After this, the poem's tone shifts and becomes more empowered, albeit more aggressive and on the offensive. He still uses common generalizations and stereotypes, such as "redneck testosterone/methamphetamine jock frat boy pulls up/ beside me cranking his Trans Am’s stereo/ with power chord anthems/ to big tits and date rape..." to depict a clear, negative picture of the "opponents" confronted in this slam poem. This is like an attack, using some cacophony, and strong diction with the words such as "redeck" "methamphetamine" and "anthems to big tits and date rape" to create the desired effect, which would come through even more clearly when heard performed.

The spirit of the "slam poem" is strongly captured in the lines:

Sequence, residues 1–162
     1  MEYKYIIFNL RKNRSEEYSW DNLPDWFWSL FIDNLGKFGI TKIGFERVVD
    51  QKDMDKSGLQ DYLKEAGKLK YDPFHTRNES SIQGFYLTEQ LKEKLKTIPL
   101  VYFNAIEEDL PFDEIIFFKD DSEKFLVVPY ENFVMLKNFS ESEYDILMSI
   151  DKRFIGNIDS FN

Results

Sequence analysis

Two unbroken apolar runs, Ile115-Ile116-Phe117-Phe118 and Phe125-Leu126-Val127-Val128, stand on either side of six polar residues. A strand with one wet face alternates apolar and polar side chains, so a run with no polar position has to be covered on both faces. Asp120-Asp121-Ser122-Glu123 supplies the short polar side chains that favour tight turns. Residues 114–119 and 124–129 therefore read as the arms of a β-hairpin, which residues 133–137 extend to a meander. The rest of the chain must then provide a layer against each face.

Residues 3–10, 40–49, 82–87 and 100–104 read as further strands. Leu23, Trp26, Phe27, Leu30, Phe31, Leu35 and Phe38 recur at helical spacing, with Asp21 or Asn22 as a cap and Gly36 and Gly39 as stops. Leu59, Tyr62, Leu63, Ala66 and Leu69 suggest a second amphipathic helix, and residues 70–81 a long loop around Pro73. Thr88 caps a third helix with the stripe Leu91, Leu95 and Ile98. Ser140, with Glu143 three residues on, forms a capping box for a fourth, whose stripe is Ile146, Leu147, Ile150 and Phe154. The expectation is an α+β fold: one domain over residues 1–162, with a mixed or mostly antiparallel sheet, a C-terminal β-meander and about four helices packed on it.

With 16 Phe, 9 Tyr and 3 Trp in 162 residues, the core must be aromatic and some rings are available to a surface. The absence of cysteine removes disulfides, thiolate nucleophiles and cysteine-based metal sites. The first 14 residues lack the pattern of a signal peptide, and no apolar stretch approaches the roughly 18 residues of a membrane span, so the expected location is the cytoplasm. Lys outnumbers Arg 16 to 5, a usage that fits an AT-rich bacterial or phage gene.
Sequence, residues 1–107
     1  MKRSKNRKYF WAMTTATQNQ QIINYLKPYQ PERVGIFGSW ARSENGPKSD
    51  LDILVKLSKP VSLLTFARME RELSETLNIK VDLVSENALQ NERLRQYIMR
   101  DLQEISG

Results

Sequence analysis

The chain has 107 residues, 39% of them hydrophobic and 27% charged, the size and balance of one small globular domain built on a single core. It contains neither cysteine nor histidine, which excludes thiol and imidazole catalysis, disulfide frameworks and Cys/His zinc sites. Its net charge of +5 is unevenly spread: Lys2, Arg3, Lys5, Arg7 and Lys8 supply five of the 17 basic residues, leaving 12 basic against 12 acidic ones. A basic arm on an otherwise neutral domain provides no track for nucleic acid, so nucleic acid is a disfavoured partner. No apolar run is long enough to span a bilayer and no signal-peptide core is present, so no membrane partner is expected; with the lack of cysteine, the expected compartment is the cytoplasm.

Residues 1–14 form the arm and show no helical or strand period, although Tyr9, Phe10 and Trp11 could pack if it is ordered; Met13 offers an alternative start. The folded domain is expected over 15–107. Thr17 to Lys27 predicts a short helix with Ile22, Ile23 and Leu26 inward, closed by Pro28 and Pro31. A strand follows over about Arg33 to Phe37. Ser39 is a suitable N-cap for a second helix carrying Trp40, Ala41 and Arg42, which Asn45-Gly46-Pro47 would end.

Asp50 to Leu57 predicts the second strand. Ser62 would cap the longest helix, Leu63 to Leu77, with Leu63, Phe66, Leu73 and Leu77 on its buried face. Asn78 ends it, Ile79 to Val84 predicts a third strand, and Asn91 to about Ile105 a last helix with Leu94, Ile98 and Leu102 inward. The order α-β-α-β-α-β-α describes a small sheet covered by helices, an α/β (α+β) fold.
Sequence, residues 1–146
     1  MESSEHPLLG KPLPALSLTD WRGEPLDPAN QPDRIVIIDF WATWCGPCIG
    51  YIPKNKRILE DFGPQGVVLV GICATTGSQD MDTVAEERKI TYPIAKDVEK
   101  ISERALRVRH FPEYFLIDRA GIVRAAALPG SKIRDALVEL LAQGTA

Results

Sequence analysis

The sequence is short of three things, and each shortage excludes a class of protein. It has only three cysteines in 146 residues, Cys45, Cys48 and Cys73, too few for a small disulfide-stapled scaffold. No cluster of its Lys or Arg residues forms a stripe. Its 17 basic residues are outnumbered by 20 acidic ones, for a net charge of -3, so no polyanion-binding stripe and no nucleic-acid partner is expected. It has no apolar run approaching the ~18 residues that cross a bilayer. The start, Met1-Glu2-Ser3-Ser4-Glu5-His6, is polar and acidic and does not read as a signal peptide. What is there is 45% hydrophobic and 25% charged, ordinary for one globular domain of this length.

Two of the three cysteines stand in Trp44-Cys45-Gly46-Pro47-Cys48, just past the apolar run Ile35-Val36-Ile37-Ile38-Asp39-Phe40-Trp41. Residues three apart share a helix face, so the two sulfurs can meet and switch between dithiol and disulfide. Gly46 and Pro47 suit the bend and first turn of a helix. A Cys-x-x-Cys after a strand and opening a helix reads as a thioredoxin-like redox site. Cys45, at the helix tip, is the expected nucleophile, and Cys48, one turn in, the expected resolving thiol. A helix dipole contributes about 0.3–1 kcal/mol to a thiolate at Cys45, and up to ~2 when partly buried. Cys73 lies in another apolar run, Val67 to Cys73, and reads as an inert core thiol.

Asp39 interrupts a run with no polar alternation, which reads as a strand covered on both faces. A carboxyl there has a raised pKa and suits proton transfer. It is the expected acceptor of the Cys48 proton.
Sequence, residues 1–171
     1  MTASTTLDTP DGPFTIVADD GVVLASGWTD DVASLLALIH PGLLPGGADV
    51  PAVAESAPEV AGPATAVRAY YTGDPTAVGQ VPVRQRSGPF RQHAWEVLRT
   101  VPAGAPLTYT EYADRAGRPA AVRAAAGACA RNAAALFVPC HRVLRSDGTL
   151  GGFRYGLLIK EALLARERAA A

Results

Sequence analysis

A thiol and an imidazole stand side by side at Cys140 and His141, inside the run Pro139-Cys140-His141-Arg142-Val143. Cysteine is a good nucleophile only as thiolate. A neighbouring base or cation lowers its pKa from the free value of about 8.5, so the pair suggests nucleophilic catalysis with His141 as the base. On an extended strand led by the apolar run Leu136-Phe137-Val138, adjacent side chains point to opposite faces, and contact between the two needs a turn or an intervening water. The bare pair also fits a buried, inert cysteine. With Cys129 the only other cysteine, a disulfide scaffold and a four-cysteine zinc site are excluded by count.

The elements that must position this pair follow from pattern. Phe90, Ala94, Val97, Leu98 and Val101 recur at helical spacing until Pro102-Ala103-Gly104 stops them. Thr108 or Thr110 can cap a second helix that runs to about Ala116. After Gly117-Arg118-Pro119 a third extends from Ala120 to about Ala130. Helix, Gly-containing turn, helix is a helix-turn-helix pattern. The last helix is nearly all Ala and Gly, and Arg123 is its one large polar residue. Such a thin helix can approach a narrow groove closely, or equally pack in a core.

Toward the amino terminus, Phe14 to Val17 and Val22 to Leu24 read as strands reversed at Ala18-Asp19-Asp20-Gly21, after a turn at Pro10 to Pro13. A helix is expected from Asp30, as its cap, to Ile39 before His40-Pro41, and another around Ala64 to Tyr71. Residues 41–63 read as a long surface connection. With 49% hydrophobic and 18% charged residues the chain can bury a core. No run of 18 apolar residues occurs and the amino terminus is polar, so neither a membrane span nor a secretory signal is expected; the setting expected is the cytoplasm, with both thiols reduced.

a poem that will tear your psyche limb from limb,

that will expose your selfish insecurities,

that will wound you deeper than knives

and gats and baseball bats could ever hope to.

The purpose of this slam poem is to stand up for "wussy boys" (exaggerated: sensitive, poetry writing, the Cure listening, well dressed boys). It "slams" negative opinions of such boys, and (on the offensive) "slams" the stereotypical opposite of what it's defending. Since this style is almost presented as an oral outcry, or argument, it is most effective when utilizing contemporary slang and references, and well as concrete language, and vivid adjectives to best get across the purpose and emotion to the audience.

Monday, January 19, 2009

Whole Text 2 (from norton pg. 1058)

The grey beards wag, the bald heads nod,
And gather thick as bees,
To talk electrons, gases, God,
Old nebulae, new fleas.
Each specialist, each dry-as-dust
And professional oaf,
Holds up his little crumb of crust